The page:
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'Don't discredit the Monarch'

Published:Monday | June 11, 2012 | 12:00 AM
The Reverend Major Sirrano Kitson (second left), rector of St Andrew Parish Church, and Bishop Charles Dufour (left) greet Prime Minister Portia Simpson Miller and Opposition Leader Andrew Holness at the service of thanksgiving in recognition of the Diamond Jubilee of Her Majesty Queen Elizabeth at St Andrew Parish Church yesterday. Rudolph Brown/Photographer

Nedburn Thaffe, Gleaner Writer

Father Howard Gregory, Anglican bishop of Jamaica and the Cayman Islands, says the nation runs the risk of bringing dishonour to the monarchy if the discussions about moving the country to a republic status take on a negative flavour.

Father Gregory, who was speaking at the St Andrew Parish Church in a service to celebrate the Diamond Jubilee of her Majesty Queen Elizabeth, yesterday urged that negativity must not highlight our evaluation of the system that the country has been a part of for the last 50 years.

"Today, our nation now finds itself at the crossroads as we seek to continue the historical process of self-identity and self-definition, which was consolidated in our attainment of Independence in 1962. Fifty years later, we now seek to take a further step by taking the inevitable step towards becoming a republic.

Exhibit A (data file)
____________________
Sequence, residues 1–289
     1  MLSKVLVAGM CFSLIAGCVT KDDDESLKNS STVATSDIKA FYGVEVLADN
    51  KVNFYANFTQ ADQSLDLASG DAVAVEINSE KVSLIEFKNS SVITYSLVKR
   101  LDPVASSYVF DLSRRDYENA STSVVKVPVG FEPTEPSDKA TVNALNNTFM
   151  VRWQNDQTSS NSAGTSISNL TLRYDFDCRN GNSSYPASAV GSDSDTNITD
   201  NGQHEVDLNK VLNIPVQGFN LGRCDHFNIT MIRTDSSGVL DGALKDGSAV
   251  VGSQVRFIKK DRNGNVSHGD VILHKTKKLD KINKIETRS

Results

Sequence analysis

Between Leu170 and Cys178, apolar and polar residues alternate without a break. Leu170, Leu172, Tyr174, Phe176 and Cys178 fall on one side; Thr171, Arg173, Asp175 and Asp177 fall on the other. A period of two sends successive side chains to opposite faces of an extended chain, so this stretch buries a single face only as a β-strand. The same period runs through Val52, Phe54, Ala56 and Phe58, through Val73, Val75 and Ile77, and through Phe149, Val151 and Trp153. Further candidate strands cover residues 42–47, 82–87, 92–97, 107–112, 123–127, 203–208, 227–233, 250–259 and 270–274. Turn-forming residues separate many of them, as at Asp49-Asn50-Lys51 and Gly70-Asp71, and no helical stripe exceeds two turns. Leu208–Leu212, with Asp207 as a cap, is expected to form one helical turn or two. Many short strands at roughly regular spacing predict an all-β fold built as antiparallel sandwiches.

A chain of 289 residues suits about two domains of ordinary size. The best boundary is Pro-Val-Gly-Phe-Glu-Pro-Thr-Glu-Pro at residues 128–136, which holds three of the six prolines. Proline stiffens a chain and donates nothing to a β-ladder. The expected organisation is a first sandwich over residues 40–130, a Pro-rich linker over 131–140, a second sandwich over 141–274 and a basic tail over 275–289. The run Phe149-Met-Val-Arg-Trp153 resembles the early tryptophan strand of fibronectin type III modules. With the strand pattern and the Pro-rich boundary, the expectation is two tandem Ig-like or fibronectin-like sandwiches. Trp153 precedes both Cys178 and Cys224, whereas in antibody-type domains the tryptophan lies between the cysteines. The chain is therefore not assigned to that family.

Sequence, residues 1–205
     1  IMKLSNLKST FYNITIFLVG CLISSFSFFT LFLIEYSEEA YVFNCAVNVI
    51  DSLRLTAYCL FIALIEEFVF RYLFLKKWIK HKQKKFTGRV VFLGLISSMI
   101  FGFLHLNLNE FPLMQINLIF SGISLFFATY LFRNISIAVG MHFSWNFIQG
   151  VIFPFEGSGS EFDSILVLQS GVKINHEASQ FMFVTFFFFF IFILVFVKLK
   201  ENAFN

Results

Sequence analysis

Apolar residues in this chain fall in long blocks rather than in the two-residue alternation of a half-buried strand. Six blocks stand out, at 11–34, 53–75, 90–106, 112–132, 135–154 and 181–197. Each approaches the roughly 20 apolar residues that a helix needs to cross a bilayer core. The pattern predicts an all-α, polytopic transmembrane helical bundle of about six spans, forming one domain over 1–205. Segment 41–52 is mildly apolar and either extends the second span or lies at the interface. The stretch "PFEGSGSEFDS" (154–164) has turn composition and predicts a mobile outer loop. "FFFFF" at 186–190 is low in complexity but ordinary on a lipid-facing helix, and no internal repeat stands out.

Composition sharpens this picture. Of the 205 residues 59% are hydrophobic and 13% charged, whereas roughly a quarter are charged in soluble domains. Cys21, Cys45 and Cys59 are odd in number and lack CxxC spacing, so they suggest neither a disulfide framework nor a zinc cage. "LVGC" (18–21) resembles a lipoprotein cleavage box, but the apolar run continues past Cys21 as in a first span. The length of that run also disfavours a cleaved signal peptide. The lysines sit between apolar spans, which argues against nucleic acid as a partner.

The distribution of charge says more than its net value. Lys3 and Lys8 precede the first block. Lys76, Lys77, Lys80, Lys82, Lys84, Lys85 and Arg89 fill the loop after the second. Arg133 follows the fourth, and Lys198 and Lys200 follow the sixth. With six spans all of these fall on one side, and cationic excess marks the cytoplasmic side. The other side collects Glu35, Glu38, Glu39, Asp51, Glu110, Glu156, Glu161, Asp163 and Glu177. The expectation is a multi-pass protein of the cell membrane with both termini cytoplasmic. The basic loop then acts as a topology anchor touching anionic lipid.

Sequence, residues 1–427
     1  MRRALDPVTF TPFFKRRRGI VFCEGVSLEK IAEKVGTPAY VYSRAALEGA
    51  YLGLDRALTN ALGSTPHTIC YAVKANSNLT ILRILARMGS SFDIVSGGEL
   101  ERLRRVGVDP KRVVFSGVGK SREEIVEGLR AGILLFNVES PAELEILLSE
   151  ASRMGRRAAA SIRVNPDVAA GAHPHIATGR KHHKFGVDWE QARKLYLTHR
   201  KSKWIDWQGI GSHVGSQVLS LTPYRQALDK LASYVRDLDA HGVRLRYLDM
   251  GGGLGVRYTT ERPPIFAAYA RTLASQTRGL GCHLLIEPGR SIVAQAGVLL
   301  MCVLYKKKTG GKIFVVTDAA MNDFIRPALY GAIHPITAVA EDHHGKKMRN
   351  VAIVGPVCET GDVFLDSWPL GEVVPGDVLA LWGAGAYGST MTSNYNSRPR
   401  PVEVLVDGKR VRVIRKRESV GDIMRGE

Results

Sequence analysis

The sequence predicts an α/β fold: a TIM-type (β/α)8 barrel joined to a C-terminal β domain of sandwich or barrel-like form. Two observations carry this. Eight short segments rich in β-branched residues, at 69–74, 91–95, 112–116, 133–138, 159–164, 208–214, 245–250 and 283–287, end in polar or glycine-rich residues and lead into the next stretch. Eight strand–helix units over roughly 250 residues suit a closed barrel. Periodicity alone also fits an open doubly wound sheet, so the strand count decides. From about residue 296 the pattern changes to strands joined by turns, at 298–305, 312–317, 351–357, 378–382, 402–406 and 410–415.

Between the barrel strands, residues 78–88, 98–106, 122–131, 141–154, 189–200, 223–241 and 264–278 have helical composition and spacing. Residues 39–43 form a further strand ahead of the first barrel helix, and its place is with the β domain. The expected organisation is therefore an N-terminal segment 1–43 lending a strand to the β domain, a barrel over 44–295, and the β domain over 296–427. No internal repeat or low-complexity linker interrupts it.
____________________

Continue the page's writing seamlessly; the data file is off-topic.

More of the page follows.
"I believe that in our zeal, we run the real risk of discrediting the monarchical system of governance which has brought us thus far. While we do so in a political culture, which is increasingly cynical and despairing of political leadership and governance, we need to be extremely careful that we do not evaluate the system which has brought us thus far with such negativity, if not impoliteness and ungraciousness."

Father Gregory, in his message, also paid special tribute to Her Majesty, adding that her reign has been marked with distinction.

"Having assumed the throne, which was thrust upon her by circumstances that were not of her making, ... she has brought to the monarchy ... singleness of purpose, dedication and sensitivity to her people, often a resounding theme in her Christmas messages and on the occasion of her visit to various nations. She has also brought a level of humanity and public engagement as much as the office has allowed as head of a royal household and of a realm," Gregory stated.